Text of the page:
Recent Announcement to Provide Financial Relief in Student Loans Triggers Uptick in Scams
Student Loan Borrowers are Reminded to Only Use Trusted Government Websites and Not Respond to Unsolicited Offers of Student Loan Relief
Governor Kathy Hochul today issued a warning to consumers about scammers taking advantage of the recent student debt relief plan to steal borrowers' money and personal information. Scammers are creating a sense of urgency by impersonating government agencies and promising immediate student loan relief. Borrowers are reminded that it's important to stay vigilant, well-informed and prepared for any fraud related to this new relief plan. Yesterday, Governor Hochul signed legislation to expand and simplify access to the federal Public Service Loan Forgiveness program statewide. This new legislation establishes what qualifies as full-time employment for the purposes of accessing PSLF, and allows public service employers to certify employment on behalf of workers, eliminating substantial barriers to applying for and accessing the program.
"New Yorkers work hard for every dollar they earn and the student loan forgiveness plan will be critical to helping reduce the pressures of mounting debt," Governor Hochul said. "Unfortunately, unscrupulous individuals and scammers are using this as an opportunity to take advantage of others. Today, we're putting scammers on notice: we will not let you take advantage of hard-working New Yorkers. I urge everyone to remain vigilant and stay informed to stop these bad actors in their tracks."
What You Need to Know About the Federal Student Relief Plan:
On August 24, 2022, the Biden Administration announced a three-part plan to help working and middle-class federal student loan borrowers. The plan includes:
- A final extension of the student loan repayment pause through December 31, 2022, and loan forgiveness of up to $20,000 for qualified individuals
- Improving the Public Service Loan Forgiveness program and creating a new income-driven repayment plan to reduce future monthly payments for lower- and middle-income borrowers.
- Reducing the cost of college to protect future students.
The U.S. Department of Education is working quickly to implement the improvements to student loans, but many details will be forthcoming. The Department of Education recommends logging in to your StudentAid.gov account to ensure your contact information is up to date and to sign up for alerts for when new information becomes available.
How to Avoid a Student Loan Forgiveness Scams:
- Seek trusted information and sources. Only go to ".gov" websites when seeking assistance. The U.S. Department of Education recently launched a webpage to provide borrowers with a one-stop location for accurate and up to date information about the program. Upon accessing the site, borrowers will find not only general information but also a detailed Frequently Asked Questions section that provides facts about the student debt relief plan.
- Don't trust any person or program who promises you early or special access, or guaranteed eligibility. You might be contacted by a company saying they will help you get loan discharge, forgiveness, cancellation, or debt relief for a fee. They may also offer to help you apply early. The loan forgiveness application will launch in early October and early access is not possible, and you never have to pay for help with your federal student aid. If you receive any of these offers, it's a scam.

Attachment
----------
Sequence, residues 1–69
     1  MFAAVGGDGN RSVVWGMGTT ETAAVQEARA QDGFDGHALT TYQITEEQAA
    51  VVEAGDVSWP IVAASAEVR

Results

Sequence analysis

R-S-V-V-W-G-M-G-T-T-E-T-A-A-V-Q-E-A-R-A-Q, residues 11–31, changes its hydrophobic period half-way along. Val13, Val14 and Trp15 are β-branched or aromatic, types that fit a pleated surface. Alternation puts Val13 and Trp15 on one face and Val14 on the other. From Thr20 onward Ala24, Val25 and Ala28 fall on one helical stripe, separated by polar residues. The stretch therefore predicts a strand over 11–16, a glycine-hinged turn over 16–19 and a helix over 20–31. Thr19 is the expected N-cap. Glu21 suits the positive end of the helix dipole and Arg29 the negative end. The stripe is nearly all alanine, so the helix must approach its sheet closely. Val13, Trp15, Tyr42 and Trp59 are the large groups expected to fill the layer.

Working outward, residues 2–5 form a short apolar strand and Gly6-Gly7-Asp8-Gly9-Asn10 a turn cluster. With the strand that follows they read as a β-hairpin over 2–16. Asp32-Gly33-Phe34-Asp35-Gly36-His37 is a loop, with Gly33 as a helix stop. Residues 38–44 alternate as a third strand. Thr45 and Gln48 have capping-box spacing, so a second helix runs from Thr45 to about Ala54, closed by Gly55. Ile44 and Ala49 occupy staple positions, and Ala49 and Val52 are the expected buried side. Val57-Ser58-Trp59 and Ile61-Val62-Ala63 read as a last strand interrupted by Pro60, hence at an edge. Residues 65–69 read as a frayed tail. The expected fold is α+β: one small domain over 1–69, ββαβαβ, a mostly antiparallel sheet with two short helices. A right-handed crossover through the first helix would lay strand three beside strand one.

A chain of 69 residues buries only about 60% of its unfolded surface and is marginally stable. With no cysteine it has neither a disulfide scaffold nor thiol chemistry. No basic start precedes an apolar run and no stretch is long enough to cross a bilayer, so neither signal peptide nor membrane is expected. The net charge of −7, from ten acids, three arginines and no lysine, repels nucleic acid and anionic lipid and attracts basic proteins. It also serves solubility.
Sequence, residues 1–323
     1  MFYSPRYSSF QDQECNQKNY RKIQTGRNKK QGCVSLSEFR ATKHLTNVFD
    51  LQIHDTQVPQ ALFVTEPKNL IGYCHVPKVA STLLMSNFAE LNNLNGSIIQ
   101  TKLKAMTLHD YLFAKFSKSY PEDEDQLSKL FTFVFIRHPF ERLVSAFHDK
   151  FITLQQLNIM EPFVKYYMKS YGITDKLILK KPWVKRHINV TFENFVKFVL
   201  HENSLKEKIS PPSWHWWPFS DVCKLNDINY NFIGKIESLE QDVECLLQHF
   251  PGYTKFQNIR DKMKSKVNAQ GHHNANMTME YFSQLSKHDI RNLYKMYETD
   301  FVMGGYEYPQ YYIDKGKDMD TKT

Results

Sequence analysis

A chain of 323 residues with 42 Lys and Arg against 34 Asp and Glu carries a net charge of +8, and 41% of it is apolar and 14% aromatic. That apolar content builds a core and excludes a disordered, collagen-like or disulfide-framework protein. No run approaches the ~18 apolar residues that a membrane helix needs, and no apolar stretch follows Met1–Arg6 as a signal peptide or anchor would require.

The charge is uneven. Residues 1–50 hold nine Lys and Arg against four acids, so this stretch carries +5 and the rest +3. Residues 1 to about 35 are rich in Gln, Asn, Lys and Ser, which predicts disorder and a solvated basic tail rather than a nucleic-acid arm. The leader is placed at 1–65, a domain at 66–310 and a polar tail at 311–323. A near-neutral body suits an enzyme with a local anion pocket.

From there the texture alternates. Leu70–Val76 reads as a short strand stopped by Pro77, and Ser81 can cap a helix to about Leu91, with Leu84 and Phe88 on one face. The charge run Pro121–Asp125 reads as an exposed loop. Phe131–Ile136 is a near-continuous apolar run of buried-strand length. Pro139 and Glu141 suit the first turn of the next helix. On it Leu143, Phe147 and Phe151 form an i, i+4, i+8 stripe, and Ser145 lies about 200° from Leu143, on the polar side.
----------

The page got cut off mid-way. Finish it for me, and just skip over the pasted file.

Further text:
- Don't give your personal information, Federal Student Aid ID or social security number to anyone who contacts you. Nobody from the Department of Education will be calling you or texting you about this initiative. Make sure you work only with the U.S. Department of Education, and never reveal your personal information or account password to anyone. Genuine emails to borrowers will only come from [email protected].
- If you encounter a scam, report it. Contact the official Federal Student Aid website to file a complaint, or contact the Federal Trade Commission. The U.S. Department of Education offers additional tips and resources here.
Secretary of State Robert J. Rodriguez said, "As many New Yorkers struggle to pay back their student loans, scammers are preying upon these borrowers in desperate need of immediate student loan relief. The New York State Division of Consumer Protection is reminding borrowers to only use trusted government websites and to not respond to unsolicited offers to obtain forgiveness, as student loan forgiveness scams have arisen after the recent federal government forgiveness announcement."
State Senator Kevin Thomas said, "It's a shame that the excitement and demand for this long-awaited Federal student debt relief has created a new window of opportunity for scammers to exploit those seeking assistance. I'm urging New Yorkers seeking assistance to remain vigilant and only use trusted ".gov" websites to access student debt relief information."
Assemblymember Harvey Epstein said, "I urge New Yorkers to be on the lookout for scams related to student loan forgiveness. As we fight to make forgiveness available to more New Yorkers, we're unfortunately seeing scammers attempting to take advantage of borrowers. The good news is there are ways to protect yourself. I applaud Governor Hochul for making student loan forgiveness a priority and protecting student borrowers from predatory scams."
The New York State Division of Consumer Protection provides voluntary mediation between a consumer and a business when a consumer has been unsuccessful at reaching a resolution on their own. The Consumer Assistance Helpline 1-800-697-1220 is available Monday to Friday from 8:30am to 4:30pm, excluding State Holidays, and consumer complaints can be filed at any time at https://dos.ny.gov/consumer-protection.
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